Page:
by David P. Greisman
Not every fight means everything, but every fight means something. Some of these somethings mean less, though just because they mean less doesn’t mean they mean nothing at all.
We knew that this past Saturday’s Showtime card aired out of Bayamon, Puerto Rico, wouldn’t be the most meaningful broadcast. That didn’t make the fights meaningless. Boxing at times can resemble episodic television programming, moving the characters and drama along and building toward conflict and a conclusion.
Middleweight contender Daniel Jacobs is being built up toward his second world title shot, which will likely come against Peter Quillin.
Heavyweight prospect Deontay Wilder is being built up toward his first world title shot, which is expected to come against the winner of the upcoming rematch between Bermane Stiverne and Chris Arreola.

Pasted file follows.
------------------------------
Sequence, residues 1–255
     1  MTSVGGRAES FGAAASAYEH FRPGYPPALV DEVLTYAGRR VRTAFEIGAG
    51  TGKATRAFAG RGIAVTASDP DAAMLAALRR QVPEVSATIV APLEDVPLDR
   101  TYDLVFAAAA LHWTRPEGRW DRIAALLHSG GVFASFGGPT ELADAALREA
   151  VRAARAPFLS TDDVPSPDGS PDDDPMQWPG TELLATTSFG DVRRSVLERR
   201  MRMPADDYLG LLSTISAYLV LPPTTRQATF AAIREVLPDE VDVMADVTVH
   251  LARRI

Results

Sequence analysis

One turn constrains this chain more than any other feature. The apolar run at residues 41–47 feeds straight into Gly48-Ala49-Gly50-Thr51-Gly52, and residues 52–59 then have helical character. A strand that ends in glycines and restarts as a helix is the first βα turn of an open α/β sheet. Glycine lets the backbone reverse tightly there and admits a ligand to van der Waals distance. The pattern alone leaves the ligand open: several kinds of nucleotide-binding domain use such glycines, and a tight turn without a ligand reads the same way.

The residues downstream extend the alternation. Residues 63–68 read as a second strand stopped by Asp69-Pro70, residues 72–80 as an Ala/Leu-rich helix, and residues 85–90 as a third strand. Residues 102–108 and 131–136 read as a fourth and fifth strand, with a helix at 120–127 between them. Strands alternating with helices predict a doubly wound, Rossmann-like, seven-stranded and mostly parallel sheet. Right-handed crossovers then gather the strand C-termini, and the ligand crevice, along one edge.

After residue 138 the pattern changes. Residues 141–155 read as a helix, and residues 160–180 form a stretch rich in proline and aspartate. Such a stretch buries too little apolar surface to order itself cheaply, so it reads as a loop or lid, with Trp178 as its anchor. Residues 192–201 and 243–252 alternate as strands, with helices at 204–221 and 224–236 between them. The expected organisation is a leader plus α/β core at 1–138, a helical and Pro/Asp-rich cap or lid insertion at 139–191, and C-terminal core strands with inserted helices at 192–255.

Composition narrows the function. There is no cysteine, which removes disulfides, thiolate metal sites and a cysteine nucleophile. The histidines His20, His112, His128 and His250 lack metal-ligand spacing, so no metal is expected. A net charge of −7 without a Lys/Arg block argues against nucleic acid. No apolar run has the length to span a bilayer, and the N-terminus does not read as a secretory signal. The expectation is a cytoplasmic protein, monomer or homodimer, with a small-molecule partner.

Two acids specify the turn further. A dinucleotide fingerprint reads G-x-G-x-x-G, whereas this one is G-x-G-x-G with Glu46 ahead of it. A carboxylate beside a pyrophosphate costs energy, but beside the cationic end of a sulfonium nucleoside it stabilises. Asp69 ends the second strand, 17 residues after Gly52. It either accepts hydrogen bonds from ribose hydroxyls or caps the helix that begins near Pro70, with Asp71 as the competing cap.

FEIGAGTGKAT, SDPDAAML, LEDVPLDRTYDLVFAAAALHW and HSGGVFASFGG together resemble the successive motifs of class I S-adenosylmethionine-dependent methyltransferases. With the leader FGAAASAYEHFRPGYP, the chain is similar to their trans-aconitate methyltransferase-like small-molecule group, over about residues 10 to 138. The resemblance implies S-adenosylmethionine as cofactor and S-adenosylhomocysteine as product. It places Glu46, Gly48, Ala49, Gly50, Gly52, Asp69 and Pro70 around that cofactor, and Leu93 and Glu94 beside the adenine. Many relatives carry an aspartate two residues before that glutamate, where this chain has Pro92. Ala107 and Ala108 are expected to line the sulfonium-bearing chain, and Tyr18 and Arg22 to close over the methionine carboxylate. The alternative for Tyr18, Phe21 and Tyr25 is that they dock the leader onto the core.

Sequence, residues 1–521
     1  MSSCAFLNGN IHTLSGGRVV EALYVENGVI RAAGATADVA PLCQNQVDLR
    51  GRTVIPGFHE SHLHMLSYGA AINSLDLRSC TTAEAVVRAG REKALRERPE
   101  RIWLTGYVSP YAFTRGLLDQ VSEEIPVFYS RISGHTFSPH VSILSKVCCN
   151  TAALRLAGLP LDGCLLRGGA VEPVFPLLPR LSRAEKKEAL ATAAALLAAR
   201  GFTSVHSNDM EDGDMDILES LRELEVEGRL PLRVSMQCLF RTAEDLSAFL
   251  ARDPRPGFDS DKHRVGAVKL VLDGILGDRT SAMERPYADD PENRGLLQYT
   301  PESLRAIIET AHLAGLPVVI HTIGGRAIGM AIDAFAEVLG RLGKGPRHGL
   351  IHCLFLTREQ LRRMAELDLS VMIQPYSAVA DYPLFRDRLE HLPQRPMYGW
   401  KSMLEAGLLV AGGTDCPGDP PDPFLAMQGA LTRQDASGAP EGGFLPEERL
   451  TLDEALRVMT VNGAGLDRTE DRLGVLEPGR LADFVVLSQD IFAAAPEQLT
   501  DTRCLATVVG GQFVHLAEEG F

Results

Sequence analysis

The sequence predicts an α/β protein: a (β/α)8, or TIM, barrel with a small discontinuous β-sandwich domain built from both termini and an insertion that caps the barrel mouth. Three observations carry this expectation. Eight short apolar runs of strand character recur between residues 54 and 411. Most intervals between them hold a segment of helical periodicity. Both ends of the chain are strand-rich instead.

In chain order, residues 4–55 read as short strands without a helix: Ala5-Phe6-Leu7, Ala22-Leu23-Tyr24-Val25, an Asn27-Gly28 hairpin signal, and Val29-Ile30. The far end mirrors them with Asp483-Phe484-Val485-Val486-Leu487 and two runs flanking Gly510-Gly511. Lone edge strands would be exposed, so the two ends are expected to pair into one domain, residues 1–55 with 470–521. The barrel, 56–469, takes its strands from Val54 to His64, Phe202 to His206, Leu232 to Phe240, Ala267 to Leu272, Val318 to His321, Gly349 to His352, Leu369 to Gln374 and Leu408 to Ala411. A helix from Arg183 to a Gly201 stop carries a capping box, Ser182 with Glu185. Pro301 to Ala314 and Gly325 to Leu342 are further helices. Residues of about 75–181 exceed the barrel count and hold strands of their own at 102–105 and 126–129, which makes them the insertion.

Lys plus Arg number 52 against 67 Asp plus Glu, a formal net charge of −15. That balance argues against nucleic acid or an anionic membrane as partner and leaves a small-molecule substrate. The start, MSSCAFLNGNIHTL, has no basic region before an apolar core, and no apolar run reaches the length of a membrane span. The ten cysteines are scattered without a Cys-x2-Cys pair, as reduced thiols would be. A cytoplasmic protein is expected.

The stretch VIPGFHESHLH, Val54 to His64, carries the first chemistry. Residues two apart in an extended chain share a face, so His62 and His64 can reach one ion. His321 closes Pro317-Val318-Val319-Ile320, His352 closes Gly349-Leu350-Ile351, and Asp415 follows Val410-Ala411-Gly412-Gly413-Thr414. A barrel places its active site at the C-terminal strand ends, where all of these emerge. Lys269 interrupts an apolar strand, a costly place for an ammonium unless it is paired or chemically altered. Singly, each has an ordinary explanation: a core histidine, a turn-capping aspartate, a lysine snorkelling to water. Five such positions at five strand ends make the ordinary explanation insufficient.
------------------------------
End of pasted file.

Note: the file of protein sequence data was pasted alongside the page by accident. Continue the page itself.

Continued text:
Junior welterweight champion Danny Garcia is continuing to be built up as a star and potential future opponent for Floyd Mayweather Jr.
This was supposed to be a showcase night at the Coliseo Ruben Rodriguez. There weren’t expected to be many surprises on the televised portion of the card. Jacobs, Wilder and Garcia got their wins — as did Juan Manuel Lopez, who saved his career on an evening that it could have essentially ended. And now we move toward the next episode, with some questions answered and others left up for debate.
We still haven’t seen Jacobs or Wilder face top opposition, never mind beat an upper-level opponent. That won’t preclude them from their title shots, however.
Jacobs was similarly unproven in July 2010, when he was 23 years old, a prospect named “The Golden Child” whose biggest win of note was a decision over Ishe Smith. Nevertheless, Jacobs appeared on the pay-per-view undercard to Juan Manuel Marquez’s rematch with Juan Diaz. He and Dmitry Pirog were fighting for a vacant middleweight title that just months beforehand had belonged to Sergio Martinez.